The horrible Sunday weather at Torrey Pines brought out every old saw in golf broadcasting. Pure ball-strikers were at an advantage. Players who embraced the challenge would be three strokes up on those complaining. Putting would be a great equalizer.

Turns out the old saws were true. Brandt Snedeker shot a final-round 69 on a day when the stroke average approached 80, reeling in a half dozen names on the leaderboard and beating K.J. Choi by a shot.

Snedeker played all of his final round on Sunday -- in the teeth of the worst wind and rain -- and hit eight fairways and 11 greens on his way to that single-bogey 69. He watched from the practice area while Choi tried to recover the shots that slipped away in the 50-mph gusts.

"It really is true that great ballstrikers do well when the conditions get bad, but it's for reasons that you might not expect," says top New York teacher Michael Jacobs, who runs the X Golf School at Rock Hill Golf & Country Club in Manorville. "Shot shaping is one thing, but playing shots with some curve gets much harder when it's wet and windy. When you can match the face with the path of the swing, you're going to hit solid shots that start on line and stay there."

The goal? Smooth out the extremes in your swing path, says Jacobs. "Having a strong inside-to-out or outside-to-in path is going to make it harder for you to be consistent in any conditions."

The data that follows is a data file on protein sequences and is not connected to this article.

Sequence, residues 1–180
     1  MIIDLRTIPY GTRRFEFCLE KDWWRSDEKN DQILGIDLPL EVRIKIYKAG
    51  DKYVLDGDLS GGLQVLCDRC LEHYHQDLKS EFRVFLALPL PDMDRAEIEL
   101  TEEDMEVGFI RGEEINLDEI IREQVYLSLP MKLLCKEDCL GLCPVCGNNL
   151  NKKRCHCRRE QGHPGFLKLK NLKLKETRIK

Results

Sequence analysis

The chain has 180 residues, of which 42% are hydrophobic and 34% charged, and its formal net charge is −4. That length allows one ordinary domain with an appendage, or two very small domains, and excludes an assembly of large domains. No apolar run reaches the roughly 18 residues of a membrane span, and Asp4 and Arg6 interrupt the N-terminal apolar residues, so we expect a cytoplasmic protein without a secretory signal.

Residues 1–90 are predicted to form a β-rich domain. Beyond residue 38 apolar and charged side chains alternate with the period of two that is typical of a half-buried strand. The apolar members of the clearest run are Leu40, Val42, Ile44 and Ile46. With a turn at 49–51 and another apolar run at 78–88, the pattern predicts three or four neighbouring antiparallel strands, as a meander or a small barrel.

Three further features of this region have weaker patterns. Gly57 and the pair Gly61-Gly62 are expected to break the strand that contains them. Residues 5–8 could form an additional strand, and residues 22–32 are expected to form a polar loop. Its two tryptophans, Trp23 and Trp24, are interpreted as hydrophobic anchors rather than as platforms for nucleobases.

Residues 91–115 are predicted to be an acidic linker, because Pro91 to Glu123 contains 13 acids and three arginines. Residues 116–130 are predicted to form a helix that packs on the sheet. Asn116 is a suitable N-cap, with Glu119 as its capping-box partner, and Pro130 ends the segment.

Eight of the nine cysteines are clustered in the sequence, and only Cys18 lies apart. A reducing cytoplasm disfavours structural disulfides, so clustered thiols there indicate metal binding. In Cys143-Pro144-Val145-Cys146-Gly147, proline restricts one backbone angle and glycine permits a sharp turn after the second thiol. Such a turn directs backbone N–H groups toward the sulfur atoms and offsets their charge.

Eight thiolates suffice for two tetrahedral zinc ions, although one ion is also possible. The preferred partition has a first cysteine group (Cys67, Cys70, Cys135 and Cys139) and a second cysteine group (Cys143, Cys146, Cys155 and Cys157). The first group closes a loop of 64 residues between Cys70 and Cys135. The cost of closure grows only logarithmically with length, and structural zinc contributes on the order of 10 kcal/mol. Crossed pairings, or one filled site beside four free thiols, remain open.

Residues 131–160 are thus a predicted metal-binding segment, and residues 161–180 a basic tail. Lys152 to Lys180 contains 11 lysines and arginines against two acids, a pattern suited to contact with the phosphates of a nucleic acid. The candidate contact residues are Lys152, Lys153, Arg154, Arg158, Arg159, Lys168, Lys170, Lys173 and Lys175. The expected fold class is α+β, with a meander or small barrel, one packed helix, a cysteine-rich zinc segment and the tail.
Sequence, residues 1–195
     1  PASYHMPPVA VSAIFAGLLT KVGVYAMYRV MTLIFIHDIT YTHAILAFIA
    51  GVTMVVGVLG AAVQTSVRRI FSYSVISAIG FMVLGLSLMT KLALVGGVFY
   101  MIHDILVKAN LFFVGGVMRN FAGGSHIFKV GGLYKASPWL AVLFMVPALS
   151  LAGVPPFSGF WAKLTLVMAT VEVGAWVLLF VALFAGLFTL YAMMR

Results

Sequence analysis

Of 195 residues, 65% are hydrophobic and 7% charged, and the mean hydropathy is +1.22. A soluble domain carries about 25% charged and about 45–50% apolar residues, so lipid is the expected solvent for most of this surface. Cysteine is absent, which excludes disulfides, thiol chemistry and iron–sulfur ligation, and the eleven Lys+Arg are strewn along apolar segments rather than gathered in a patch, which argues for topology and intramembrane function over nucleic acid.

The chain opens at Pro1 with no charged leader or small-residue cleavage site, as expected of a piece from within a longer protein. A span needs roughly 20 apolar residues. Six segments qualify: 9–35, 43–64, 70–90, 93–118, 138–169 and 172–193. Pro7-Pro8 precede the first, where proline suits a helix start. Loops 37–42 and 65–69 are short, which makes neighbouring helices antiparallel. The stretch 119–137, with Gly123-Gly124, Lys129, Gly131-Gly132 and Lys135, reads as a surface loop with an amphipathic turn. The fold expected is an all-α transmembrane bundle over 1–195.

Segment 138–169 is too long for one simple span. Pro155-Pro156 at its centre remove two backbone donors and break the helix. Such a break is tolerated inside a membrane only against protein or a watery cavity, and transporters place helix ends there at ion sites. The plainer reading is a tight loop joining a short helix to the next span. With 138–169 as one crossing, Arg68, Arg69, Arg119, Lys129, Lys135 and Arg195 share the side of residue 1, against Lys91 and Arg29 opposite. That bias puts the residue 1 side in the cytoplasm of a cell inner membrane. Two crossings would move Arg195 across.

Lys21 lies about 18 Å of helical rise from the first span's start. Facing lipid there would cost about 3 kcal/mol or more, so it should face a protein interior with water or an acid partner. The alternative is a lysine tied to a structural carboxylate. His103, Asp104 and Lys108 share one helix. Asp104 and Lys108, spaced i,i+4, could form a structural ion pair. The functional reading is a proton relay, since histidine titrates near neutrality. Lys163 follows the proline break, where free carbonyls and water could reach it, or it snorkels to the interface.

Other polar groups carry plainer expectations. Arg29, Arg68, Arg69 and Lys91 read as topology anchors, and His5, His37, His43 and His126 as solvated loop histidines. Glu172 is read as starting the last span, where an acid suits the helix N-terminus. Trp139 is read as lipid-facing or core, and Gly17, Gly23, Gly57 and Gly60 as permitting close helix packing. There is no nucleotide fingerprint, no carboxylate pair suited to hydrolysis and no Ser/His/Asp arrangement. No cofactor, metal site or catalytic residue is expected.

Snedeker has two other qualities that make him well suited for sloppy conditions. He doesn't take long over any shot, and he's a confident putter.

"Modern technology tells us exactly what's happening when a player is coming down through impact," says Jacobs. "You can tell when a player is working hard for or against the twisting of the shaft. When you overanalyze what you're trying to do, you can add tension, and the less relaxed you are the less feel and freedom you're going to have through impact."

As for putting, "stealing" a few on the greens builds confidence.

"And when you're playing with confidence, you don't care what the conditions are," says Jacobs. "Bring it on."


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